Such next-gen vaccines will also likel…

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CureVac aims to rebound after announcing disappointing COVID-19 results 

Some two week after announcing that its COVID-19 vaccine had an interim efficacy of 47% in a Phase 2b/3 trial, CureVac (NSDQ:CVAC) appears to be regaining its footing.

While its stock is trading well below its Feb. 5 peak of $120.43, CVAC shares have risen 30% in the past five days to $75.95 in mid-day trading today.

The company is installing a new chief operating officer, Dr. Malte Greune, who will begin work on July 1, 2021.

Greune will work to bolster CureVac’s board and clinical and manufacturing capabilities.

Greune joins CureVac from Sanofi where he worked in an executive business development role. Gruene has held various leadership positions at pharma companies in the past decade.

Earlier this month, CureVac cofounder Ingmar Hoerr withdrew his candidacy for nomination to the company’s board. Hoerr also served as the company’s CEO from March to August 2020

CureVac has also charged another co-founder, Florian von der…

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CureVac marches on after announced disappointing study results

After CureVac (NSDQ:CVAC) revealed that its first-generation vaccine candidate has an interim efficacy of 47% in a pivotal trial, its stock lost about half its value. The company, however, is undeterred.

Speaking in a call with investors and analysts, CureVac CEO Franz-Werner Haas said the company would continue to seek the authorization of its CVnCoV vaccine and continue developing its next-generation CV2CoV vaccine.

One difference between the vaccine from CureVac and those from Moderna and Pfizer-BioNTech lies in the dose of mRNA. The CureVac vaccine contains 12 µg of mRNA per dose. The Pfizer-BioNTech vaccine uses 30 µg per shot, while the Moderna vaccine contains 100 µg.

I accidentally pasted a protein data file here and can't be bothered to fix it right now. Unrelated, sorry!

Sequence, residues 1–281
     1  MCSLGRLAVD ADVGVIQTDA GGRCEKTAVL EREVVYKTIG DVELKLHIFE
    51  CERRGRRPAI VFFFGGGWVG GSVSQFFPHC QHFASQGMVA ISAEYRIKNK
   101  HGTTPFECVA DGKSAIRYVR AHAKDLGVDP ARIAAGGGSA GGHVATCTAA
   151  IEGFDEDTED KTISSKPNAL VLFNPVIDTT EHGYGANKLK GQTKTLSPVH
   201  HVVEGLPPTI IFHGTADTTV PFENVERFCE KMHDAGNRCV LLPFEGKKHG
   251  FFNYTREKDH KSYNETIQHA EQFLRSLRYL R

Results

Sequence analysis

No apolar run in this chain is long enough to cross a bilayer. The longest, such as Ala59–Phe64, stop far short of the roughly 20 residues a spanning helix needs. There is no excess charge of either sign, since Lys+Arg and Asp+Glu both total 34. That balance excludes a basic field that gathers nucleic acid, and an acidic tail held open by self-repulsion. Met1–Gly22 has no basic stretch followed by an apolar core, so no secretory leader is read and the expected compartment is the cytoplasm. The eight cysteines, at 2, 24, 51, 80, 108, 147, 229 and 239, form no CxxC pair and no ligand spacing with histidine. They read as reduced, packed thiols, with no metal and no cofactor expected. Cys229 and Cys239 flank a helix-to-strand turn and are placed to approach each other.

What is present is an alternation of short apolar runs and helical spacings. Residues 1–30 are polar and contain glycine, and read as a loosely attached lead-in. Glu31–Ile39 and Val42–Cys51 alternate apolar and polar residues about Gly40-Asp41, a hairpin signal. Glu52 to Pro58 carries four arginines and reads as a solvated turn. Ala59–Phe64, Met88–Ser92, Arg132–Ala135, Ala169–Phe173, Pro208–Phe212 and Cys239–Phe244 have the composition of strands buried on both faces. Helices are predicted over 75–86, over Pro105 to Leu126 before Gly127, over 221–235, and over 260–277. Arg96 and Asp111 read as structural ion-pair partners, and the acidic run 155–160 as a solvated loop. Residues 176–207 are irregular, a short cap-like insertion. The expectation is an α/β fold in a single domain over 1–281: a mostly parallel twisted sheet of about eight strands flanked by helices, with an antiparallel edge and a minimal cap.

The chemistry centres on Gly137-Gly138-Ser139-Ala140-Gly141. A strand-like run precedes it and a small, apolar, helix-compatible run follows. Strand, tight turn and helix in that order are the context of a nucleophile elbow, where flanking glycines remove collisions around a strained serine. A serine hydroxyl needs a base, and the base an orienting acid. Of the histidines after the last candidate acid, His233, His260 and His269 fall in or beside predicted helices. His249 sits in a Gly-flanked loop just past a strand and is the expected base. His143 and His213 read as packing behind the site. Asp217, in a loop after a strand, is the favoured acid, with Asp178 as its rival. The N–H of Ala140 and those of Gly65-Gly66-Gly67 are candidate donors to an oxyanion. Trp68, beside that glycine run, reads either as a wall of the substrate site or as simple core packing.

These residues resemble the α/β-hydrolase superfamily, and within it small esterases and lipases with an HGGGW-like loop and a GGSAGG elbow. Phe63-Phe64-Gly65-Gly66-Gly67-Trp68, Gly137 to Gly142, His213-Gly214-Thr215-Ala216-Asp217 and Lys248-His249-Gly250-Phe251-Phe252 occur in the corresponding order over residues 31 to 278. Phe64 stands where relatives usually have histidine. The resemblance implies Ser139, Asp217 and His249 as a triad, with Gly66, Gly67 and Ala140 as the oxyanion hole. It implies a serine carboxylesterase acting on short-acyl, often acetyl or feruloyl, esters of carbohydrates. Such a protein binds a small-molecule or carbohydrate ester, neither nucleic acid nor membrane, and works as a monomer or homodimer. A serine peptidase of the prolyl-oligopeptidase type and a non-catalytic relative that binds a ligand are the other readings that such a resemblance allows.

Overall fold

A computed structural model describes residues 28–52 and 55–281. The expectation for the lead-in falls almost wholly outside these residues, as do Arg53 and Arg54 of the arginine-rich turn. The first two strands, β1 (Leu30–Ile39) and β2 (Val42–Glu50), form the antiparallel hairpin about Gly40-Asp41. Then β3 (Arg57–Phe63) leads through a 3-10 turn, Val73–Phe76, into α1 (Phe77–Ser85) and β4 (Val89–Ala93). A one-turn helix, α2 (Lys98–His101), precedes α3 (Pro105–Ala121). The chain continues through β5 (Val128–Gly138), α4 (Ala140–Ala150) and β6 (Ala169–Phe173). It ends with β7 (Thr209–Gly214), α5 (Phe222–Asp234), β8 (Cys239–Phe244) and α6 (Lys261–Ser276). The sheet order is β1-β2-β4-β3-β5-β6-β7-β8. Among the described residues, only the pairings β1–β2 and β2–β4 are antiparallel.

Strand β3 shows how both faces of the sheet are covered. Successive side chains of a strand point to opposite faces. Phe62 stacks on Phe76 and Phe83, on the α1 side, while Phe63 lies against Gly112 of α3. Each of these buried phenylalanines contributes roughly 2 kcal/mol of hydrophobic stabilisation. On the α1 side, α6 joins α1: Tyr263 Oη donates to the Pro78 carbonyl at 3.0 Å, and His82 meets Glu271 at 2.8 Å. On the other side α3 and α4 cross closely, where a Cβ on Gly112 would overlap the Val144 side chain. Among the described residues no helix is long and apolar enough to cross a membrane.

Haas, however, stressed the role of virus variants in the 47% interim efficacy figure. The Phase 2b/3 study “provides important insights into a dramatically transformed variant environment, suggesting that we are virtually fighting a different virus — a different pandemic” than six m…

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CureVac’s interim vaccine efficacy is 47% in Phase 2b/3 study

Germany-based CureVac (NSDQ:CVAC) announced that its mRNA vaccine was 47% effective against COVID-19 in a second interim analysis of a pivotal study involving approximately 40,000 participants in 10 countries.

The rise of COVID-19 variants played a role in the disappointing results. At least 13 COVID-19 variants were present in the study population who contracted the novel coronavirus. Some 57% of cases involved variants of concern.

FDA generally requires that a vaccine be at least 50% effective in a placebo-controlled trial to win emergency use authorization.

Get the full story from our sister site, Drug Discovery & Development.

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CureVac’s interim vaccine efficacy is 47% in Phase 2b/3 study